Study: Increased HIV life expectancy linked to reduction in smoking
Much of the increased mortality seen in patients with HIV in the past decade – outside of antiviral drugs – can be attributed to a reduction in smoking, according to a study in Denmark.
According to Aidsmap, the online edition of Clinical Infectious Diseases reported that smoking has had a bigger impact on the prognosis of HIV-positive patients than HIV-related factors.
In a survey of 2,921 HIV-positive adults, the authors calculated that a non-smoker aged 35 had a life expectancy of 78 years.
This compared to a life expectancy of 69 for former smokers, and a life expectancy of just 63 for current smokers.
The risk of non-HIV-related death was five-times higher for current smokers compared to HIV patients who had never smoked.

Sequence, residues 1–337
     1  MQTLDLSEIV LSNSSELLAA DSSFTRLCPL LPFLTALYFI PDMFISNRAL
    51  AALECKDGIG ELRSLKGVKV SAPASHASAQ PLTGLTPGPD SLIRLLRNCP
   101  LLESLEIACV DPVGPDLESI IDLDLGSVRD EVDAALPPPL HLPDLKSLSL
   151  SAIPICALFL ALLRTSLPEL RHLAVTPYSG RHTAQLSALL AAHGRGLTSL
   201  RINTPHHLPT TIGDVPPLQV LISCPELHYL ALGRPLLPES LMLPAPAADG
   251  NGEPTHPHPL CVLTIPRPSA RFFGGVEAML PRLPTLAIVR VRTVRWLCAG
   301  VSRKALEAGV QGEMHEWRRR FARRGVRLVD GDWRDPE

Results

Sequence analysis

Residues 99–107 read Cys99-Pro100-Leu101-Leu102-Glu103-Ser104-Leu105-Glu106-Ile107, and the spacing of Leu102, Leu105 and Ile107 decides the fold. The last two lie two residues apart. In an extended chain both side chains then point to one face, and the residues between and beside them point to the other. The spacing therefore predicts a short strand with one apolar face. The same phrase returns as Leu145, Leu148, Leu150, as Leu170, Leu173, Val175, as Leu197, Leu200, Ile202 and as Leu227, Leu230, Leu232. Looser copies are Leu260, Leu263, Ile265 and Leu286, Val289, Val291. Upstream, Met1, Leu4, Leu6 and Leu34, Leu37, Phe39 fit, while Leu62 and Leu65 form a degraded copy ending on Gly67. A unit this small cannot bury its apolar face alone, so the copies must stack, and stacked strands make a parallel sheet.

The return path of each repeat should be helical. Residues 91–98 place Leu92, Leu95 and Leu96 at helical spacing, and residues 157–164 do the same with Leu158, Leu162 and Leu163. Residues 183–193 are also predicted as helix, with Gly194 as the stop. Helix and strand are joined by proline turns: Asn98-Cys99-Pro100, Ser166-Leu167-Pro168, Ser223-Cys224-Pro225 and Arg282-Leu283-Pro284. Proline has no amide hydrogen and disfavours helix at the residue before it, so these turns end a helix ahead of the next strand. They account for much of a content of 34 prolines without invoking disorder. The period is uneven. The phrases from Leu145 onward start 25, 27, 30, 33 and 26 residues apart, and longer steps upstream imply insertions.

HIV patients who were current smokers also had a four-fold increase in their risk of all-cause mortality.
Previous studies have shown that HIV-positive individuals are more likely to smoke than their HIV-negative peers.
According to the British Heart Foundation, over a third of gay men in the UK smoke, compared with the national average of 21%.
The authors of the Danish research believe their findings have important implications for HIV care, showing the importance of smoking cessation counselling and support.
“The loss of life-years associated with smoking was larger than that associated with HIV,” said the study. “HIV-infected smokers with long-term engagement in care lose more life-years to smoking than HIV.”
Illnesses that are potentially related to smoking, such as cardiovascular disease and cancers, are being seen with increased frequency in those living with the virus.